According to claims in the Camp Lejeune lawsuit, the military base’s water supply was severely contaminated with hazardous industrial chemicals. Exposure to these chemicals could lead to various cancers and other diseases.
People who lived or worked at the U.S. Marine Corps Base Camp Lejeune, North Carolina, between 1953 and 1987 may have been exposed to water contaminated with volatile organic compounds (VOC).
Health Conditions Associated with the Camp Lejeune Contaminated Water
Some health conditions associated with exposure to water contaminants at Camp Lejeune include:
1. Bladder Cancer
Researchers believe that persons exposed to the contaminated water at Camp Lejeune may have an elevated risk of malignant cells growing in the tissues of their bladders, or bladder cancer.
Many people have additional risk factors. Age, gender, smoking status, and contact with chemicals in the environment are a few of the risk factors. Older adults are more likely to be diagnosed with bladder cancer because their bodies have had more time to develop cellular abnormalities.
Although bladder cancer does not have an absolute cure, early detection and treatment can increase chances of survival and lessen symptoms. Lifestyle changes and regular screenings are proactive efforts to safeguard the health of those with high risk of bladder cancer.
2. Breast Cancer
The second most common ailment associated with the contaminated water at Camp Lejeune is breast cancer. According to studies, women who drank Camp Lejeune’s tainted water have a significantly increased risk of developing breast cancer over women who were not exposed to the water.
Numerous factors could be the cause of this elevated risk. According to one theory, the toxins in the water can interfere with the breasts’ regular function and raise their chance of developing cancer. Another theory is that the pollutants could harm DNA, causing cancer to develop.
There are many symptoms that women need to be aware of, including: nipple discharge, a lump in the breast, a change in the size or form of the breasts, and a change in the texture of the skin of the breasts. It is critical to schedule an immediate appointment with a doctor if you encounter any of these signs.
3. Cervical Cancer
Another malignancy associated with exposure to the tainted water at Camp Lejeune is cervical cancer. This type of cancer grows in the tissues of the cervix, the lower portion of the uterus.
Human papillomavirus (HPV) is a virus that causes cervical cancer. Researchers believe the tainted water at Camp Lejeune may have raised the risk of cervical cancer by exposing women to HPV.
Cervical cancer has a multitude of symptoms. These include pain during sexual intercourse, bleeding between periods, and bleeding after sexual intercourse.
4. Renal Cancer
Renal cancer starts in the kidney. It then migrates to other parts of the body. The kidneys are a pair of organs that filter waste from the blood and eliminate it from the body.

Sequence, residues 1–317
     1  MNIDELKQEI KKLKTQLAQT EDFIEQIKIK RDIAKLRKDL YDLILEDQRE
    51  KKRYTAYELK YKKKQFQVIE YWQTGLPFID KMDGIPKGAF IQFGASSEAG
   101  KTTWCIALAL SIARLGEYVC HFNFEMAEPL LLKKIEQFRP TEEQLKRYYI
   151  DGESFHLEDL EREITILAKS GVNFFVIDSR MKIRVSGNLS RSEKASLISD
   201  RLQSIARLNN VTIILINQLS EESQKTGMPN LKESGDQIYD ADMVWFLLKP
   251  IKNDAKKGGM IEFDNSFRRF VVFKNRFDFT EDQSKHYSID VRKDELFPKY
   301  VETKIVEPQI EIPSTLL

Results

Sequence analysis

Water containing hazardous chemicals increases people’s risk of renal cancer. This is because the toxins enter the bloodstream, and the kidneys then filter the blood. During filtering, some residues may remain in the kidneys and cause uninhibited cell proliferation leading to cancer.
Blood in the urine, side soreness, and an abdominal lump are all signs of kidney cancer. If any of these signs develop, it is critical to schedule an appointment with a doctor.
5. Hepatic Cancer
Camp Lejeune’s polluted water supply is also connected to a high risk of hepatic/liver cancer. According to research conducted by the Agency for Toxic Substances and Disease Registry (ATSDR), males who drank Camp Lejeune’s tainted water had a twofold increased risk of developing liver cancer when compared to men who did not drink the water.
It is believed that people ingested toxins including benzene and trichloroethylene through contaminated water, increasing their risk of developing liver cancer. These substances have the potential to harm DNA and cause cancer.
There are several signs and symptoms of liver cancer including: loss of appetite, exhaustion, abdominal pain, and jaundice.
Other cancers on the list of diseases caused by consuming Camp Lejeune water include leukemia, multiple myeloma, non-Hodgkin’s lymphoma, esophageal cancer, and myelodysplastic syndromes.
Other non-malignant diseases that have come up in the Camp Lejeune lawsuits are Parkinson’s disease, fatty liver disease, female infertility, cardiac defects, neurobehavioral defects, teratogenicity, miscarriages, and scleroderma.
This list may be updated as researchers publish new studies on illnesses caused by drinking water at Camp Lejeune.
Lawyers are also taking complaints from children who were born after their mothers were at the base working or living while the water was poisoned. Children and fetuses exposed to contaminated water were at exceptionally high risk for health problems.
People exposed to the water at Camp Lejeune but who have not been diagnosed with an illness may still be entitled to compensation at lower levels. This includes participation in a class action lawsuit, medical monitoring, and any cancer or serious illness not explicitly mentioned.
See a doctor immediately if you had a job or were at Camp Lejeune between 1953 and 1987 and have any health problems.